These types of solutions can seem expensive, although the price pales when compared to digging trenches for laying cable, according to Simopolous and Paul Hoffman, a design engineer at Integrated Systems and Communications. For the past decade, ISC has been taking advantage of emerging markets with corporate campuses, small businesses and schools in New Jersey, Pennsylvania and Delaware.
“The hardware is not cheap,” said Hoffman. “In a lot of cases with mesh, you're talking about a lot of extra points. “But part of the beauty of mesh is that you are over-weaving a pattern to cover a whole area with radio signals. “No single point of failure takes down signals throughout the path.”
Creative solutions still abound in the public sector, however. How could a systems integrator not welcome the challenge of configuring a top-to-bottom and bottom-to-top wireless mesh solution for the New York City Housing Authority’s 30,000 buildings, which contain between 7,000 and 8,000 elevators? That’s what Glen Taylor, senior vice president of sales at EIA, has to look forward to when he gets up in the morning.
“Part of the challenge is that these elevators are 40 to 50 years old,” Taylor said. “There are no communication risers. We can’t drill through people’s apartments.” Such limitations mean that the elevators are not tied into access control or the overall building security system that EIA designs—yet. Some of the elevators now have stand-alone cameras; others do not. There is a plan in place to use available bandwidth in the building to administrate newly installed servers for surveillance, but that is a slow process, says Taylor.
Despite restrictions unique to the public sector, most of Taylor’s work is New York City municipal business. From his perspective, market growth beyond the public sector derives from private companies with public contracts—such as the elevator companies.
According to Taylor, the company began its wireless network servicing in the mid-90s when a judge in the New York City judicial system found it inconceivable and unacceptable that NYC’s 300 court buildings “didn’t talk to each other” through any technology more advanced than the telephone.
“He’s reading an article about IP cameras,” Taylor said of the judge, who advocated for connection to the “disparate system out there.” The city’s courthouses now have 3,500 cameras.
“We used to go point to point,” Taylor said. “We had 36 radios talking to one point. We got that down to 17 radios through trial and tribulation, with two or three head-end radios … Mesh technology has taken off since then.”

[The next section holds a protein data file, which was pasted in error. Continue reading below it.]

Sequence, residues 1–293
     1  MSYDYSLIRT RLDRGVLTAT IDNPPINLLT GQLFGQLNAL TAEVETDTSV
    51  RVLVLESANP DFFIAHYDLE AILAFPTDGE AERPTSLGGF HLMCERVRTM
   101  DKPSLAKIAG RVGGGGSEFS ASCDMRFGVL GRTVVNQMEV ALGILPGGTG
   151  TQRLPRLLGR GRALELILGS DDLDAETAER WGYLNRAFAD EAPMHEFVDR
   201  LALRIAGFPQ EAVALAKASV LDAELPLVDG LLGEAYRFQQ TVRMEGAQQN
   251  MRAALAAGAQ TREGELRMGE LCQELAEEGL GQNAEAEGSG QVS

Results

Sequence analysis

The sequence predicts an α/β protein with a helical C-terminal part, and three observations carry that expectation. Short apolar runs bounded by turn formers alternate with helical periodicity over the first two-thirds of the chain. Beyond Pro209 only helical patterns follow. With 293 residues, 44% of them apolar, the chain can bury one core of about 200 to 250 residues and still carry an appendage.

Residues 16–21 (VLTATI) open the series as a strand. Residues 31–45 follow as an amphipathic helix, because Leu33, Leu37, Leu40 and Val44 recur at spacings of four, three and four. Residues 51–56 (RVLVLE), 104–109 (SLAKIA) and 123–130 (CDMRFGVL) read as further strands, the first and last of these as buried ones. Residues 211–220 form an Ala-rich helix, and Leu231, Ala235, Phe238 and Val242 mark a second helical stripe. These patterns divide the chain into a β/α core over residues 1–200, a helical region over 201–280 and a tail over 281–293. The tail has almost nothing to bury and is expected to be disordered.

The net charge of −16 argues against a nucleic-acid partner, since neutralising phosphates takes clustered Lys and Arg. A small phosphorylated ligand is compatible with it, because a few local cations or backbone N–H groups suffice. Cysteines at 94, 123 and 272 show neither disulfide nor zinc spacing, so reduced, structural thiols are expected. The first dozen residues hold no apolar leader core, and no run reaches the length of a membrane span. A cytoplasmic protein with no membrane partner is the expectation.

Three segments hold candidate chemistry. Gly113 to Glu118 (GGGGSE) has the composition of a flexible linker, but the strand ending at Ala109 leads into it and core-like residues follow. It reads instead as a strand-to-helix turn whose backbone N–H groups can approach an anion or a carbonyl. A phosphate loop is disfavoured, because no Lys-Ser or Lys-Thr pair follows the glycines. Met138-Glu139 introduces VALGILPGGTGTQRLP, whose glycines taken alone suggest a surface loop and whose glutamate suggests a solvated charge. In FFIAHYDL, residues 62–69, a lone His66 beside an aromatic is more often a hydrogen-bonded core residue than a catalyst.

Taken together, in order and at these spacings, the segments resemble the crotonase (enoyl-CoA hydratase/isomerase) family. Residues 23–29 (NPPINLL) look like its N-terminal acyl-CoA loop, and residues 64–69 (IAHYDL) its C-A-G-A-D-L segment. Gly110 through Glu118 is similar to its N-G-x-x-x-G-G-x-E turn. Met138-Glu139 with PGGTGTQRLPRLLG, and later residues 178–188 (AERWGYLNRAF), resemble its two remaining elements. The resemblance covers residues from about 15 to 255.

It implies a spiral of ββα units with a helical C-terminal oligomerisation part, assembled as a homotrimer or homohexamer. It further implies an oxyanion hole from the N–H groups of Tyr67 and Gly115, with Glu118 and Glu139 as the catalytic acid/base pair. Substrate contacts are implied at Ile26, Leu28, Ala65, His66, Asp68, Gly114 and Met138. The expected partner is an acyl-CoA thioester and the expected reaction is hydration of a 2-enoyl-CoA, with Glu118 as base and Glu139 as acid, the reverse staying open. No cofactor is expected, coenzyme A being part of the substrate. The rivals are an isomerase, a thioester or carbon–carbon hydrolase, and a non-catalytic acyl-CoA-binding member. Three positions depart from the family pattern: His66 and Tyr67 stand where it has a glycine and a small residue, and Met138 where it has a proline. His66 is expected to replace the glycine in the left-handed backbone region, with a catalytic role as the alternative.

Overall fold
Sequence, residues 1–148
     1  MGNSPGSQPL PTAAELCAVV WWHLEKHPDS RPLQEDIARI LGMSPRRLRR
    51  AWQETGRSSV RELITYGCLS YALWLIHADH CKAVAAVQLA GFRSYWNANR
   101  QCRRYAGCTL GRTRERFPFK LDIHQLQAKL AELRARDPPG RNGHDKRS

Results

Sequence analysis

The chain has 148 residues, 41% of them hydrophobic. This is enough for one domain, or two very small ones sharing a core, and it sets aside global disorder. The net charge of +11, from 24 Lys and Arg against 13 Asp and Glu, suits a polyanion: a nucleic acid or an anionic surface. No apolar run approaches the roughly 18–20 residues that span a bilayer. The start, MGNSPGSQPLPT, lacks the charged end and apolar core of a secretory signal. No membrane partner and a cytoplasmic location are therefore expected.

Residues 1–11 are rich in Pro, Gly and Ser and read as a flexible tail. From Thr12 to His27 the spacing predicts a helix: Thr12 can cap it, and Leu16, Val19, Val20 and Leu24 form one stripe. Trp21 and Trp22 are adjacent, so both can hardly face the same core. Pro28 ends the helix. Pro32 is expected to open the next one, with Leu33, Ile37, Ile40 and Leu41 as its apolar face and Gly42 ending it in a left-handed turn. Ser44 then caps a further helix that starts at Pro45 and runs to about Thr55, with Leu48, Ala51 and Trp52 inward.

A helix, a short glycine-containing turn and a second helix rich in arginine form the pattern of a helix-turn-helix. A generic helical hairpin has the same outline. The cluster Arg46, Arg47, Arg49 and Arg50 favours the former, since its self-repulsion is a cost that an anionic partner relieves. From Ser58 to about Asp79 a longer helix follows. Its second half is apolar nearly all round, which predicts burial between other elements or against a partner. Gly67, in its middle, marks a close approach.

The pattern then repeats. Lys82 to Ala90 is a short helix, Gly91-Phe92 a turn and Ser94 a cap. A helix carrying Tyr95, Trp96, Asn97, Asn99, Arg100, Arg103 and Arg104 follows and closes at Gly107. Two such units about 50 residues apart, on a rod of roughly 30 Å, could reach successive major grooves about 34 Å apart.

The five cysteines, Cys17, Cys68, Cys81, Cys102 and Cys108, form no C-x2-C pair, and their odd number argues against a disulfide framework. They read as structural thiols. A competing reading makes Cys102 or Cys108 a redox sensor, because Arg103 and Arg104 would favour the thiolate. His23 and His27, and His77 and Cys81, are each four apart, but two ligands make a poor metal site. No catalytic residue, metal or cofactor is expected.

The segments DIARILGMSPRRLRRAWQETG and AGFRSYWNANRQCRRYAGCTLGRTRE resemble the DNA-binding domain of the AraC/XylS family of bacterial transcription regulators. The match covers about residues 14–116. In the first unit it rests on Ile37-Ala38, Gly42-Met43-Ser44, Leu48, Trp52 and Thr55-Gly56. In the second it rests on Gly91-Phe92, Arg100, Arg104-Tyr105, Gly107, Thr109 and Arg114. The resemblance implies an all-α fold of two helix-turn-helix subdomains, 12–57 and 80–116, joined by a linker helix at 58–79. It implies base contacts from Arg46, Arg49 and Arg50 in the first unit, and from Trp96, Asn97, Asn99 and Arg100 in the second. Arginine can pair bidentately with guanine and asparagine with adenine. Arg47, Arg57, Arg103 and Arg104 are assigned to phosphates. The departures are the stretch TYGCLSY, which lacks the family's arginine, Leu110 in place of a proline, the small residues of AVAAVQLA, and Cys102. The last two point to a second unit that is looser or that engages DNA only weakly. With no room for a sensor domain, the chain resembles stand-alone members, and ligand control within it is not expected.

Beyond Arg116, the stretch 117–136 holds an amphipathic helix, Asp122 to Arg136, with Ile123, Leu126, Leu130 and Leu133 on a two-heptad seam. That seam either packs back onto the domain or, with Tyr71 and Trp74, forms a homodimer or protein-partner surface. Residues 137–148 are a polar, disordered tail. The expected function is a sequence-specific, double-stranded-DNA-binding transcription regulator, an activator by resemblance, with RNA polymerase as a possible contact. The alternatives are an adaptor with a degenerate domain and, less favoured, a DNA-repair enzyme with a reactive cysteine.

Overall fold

New York is full of oversized infrastructure challenges that demand mesh/wireless solutions, such as “getting across Sixth Avenue,” Taylor said. “You not going to do it with cable. You just can’t be trenching that stuff there.” EIA has also integrated wireless networks for a private K-12 school that ripped out all of its cable infrastructure to put up mesh, and the company recently laid the network for security at the New York City Marathon—in two days. Instead of trenching, the integrators are connecting radios and Ethernet and photocells in a process that prompts Taylor to say, “We’re just plugging stuff in.”
Logic would suggest that mesh markets would extend to cities beyond U.S. borders, and they do. But there is a private-sector market in Latin America and Canada that hasn’t developed in the United States— the mining industry, according to Umberto Malesci, president of Fluidmesh, a mesh network provider
“On-shore and offshore mining is getting more and more traction in Latin America and Canada,” Malesci said. “There are more opportunities there for wireless mesh” because the mining industry is not robust in the U.S., he said.
On the domestic front, Malesci lists the oil and gas industries in Texas and other Southwest states, as well as railroads, college campus and airports as verticals where the mesh is used frequently.
He stressed the growth opportunities in private-public partnerships as a mobile population accesses more advanced technology and demands more security in all facets of life. Shopping malls and business groups working with police, as well as neighborhood watch programs, are examples of private-public consortiums where integrators can provide wireless solutions to complex problems.